Are you happy?
With 231 years of American history behind us now, it’s a question worth asking. After all, our founding fathers wanted you and me to be happy. They boldly declared our independence by insisting on an unalienable right to “life, liberty and the pursuit of happiness.”
And I’m glad they did.
Yet the question remains: after two centuries of pursuing happiness – are we happy?
Happiness, it seems, is an elusive thing.
America is arguably the most prosperous, strong and free nation the world has ever hosted, but bookstores sell more pages today on how to improve life and find happiness than just about anything else. This week’s top-sellers include “Your Best Life Now” and “You: Stay Young.”
The quest for happiness has led many of us in the wrong direction. Money doesn’t buy happiness; it often makes life more complicated. Achievement cannot guarantee happiness; it’s fleeting. Ease of life doesn’t secure happiness; such a life lacks purpose.
The Bible tells us that true happiness – a joy that is not tied to our circumstances – is found in God, not in us.
“Happy are the people whose God is the Lord!” (Psalm 144:14 – NKJV).
To find happiness, we have to stop looking deeper inside ourselves, stop trying to manipulate our circumstances, and look to our Creator.
While much of the world pursues happiness, God instead invites Christians to pursue holiness. “… but as He who called you is holy, you also be holy in all your conduct, because it is written, ‘Be holy, for I am holy’ ” (1 Peter 1:15 – NKJV).
God has created us to bring him glory by displaying his character in the world. We bring him glory as we are like him. When our lives are wrapped up in God, and his will, rather than ourselves and what we want, true happiness is not far off.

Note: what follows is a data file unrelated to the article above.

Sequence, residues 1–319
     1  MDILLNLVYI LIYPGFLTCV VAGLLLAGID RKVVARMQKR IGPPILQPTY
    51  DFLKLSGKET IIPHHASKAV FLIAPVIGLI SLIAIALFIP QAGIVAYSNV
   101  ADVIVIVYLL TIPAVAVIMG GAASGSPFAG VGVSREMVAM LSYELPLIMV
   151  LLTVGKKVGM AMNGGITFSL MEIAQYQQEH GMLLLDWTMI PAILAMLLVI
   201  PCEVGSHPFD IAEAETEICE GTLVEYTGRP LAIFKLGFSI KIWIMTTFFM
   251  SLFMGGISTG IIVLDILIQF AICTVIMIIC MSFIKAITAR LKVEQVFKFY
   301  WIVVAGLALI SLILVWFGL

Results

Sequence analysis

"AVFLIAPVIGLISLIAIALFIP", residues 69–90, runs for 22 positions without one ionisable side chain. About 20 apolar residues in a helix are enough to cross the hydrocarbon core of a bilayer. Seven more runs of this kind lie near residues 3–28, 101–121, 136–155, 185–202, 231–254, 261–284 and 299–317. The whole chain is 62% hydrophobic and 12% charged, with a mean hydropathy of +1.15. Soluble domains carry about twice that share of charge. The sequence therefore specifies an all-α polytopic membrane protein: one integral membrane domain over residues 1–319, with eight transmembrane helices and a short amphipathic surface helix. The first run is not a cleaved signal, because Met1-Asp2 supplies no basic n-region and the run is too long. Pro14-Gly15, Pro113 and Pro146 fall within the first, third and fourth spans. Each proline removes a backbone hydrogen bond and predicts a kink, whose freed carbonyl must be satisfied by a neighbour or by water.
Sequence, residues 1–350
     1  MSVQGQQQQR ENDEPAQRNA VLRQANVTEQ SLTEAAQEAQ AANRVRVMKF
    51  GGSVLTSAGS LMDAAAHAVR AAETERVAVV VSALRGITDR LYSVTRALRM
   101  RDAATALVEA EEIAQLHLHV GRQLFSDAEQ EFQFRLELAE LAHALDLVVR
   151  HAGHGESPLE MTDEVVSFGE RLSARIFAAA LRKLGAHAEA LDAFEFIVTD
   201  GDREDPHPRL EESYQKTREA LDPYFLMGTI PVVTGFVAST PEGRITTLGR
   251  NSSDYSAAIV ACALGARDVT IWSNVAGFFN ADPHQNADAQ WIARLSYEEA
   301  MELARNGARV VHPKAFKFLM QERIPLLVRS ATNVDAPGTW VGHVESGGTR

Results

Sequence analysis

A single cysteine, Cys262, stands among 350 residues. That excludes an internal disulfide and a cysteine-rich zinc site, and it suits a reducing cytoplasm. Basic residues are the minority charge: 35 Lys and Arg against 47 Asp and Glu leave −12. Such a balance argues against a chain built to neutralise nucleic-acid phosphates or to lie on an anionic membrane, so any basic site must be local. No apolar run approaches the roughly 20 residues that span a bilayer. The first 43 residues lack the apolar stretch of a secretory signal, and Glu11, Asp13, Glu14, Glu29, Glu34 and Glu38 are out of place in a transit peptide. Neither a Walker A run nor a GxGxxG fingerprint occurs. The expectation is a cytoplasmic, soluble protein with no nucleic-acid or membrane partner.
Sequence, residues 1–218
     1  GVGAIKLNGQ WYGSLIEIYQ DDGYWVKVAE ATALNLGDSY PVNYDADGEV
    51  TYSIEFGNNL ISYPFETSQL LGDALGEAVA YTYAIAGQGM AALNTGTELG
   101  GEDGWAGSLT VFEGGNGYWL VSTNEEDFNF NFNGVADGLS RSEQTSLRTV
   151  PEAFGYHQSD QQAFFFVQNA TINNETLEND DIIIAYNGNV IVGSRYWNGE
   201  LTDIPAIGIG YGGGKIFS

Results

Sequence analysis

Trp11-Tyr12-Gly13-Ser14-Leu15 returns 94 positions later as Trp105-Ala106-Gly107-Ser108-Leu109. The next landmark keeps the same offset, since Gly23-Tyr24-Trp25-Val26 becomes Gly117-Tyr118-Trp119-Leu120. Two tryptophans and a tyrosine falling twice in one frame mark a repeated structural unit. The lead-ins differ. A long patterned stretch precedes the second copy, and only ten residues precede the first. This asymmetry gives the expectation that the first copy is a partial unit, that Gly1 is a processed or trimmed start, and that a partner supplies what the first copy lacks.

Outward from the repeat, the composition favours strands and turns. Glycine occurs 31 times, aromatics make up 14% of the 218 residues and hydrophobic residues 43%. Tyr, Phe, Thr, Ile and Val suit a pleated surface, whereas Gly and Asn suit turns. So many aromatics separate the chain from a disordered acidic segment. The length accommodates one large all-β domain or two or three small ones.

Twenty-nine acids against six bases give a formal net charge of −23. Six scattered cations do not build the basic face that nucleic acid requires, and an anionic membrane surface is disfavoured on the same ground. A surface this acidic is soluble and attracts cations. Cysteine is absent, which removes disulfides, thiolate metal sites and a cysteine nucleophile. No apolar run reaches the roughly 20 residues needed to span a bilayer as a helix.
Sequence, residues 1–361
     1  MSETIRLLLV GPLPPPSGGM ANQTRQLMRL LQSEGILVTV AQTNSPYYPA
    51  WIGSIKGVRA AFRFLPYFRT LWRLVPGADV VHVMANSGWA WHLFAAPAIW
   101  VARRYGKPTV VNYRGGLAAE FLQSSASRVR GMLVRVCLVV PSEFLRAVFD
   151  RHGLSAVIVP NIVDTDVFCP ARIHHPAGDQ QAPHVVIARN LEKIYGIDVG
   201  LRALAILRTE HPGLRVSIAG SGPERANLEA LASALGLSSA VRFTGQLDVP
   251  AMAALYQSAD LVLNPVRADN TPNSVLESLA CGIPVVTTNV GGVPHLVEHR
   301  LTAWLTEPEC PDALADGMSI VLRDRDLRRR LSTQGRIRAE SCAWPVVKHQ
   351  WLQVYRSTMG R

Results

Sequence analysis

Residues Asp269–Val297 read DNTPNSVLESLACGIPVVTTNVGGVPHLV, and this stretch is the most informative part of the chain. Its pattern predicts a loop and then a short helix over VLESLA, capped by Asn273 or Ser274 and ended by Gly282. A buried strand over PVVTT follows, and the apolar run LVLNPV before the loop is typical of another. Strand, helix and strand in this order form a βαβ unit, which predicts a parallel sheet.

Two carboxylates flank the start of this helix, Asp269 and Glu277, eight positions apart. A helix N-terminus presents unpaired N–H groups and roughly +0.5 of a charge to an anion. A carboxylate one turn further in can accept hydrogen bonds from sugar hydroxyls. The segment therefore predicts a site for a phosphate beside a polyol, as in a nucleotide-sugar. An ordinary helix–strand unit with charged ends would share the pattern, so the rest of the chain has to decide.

This is an utterly selfless pursuit, yet it brings the deepest sense of well-being possible: “Happy are the people whose God is the Lord!”
Did you notice anything interesting about the titles of those best-selling books I mentioned earlier? They appeal to a base self-centeredness that has plagued people since God kicked Adam and Eve out of the Garden of Eden. They suggest life is all about me and what works for me and if I somehow achieve what I want, happiness will come to me.
God’s word tells me that life is not about me, it’s about him. He created me for himself, and I find my greatest joy in fulfilling the purpose God has for me.
“For we are his workmanship, created in Christ Jesus for good works, which God prepared beforehand that we should walk in them” (Ephesians 2:10 – NKJV).
Of course, we become God’s workmanship when we enter his family by faith in his son, Jesus Christ. In Christ, we are a new creation, crafted by God for his glory. And there is no greater joy than walking in God’s will.
Israel’s King David put this truth to music: “God blesses those people who refuse evil advice and won’t follow sinners or join in sneering at God. Instead, the Law of the LORD makes them happy, and they think about it day and night. They are like trees growing beside a stream …” (Psalm 1:1-3 – CEV).
God loves us enough to give us the freedom to try other routes to happiness. Most of us have done so. I know I have.
Watch a few minutes of television these days and it’s easy to see that material prosperity is what most people see as the key to happiness.
Here’s something to ponder, though: Studies show that after 30 years of unprecedented economic growth, Americans were no happier in the 1970s than they were after World War II. Today, in China, where people have enjoyed a staggering 250 percent increase in average wages in the last 15 years, life satisfaction has actually declined. (New York Times, Nov. 12, 2007).
Happiness is found in God, not us.
Still looking for happiness? It may not be as far off as you think.
“Happy are the people whose God is the Lord.”
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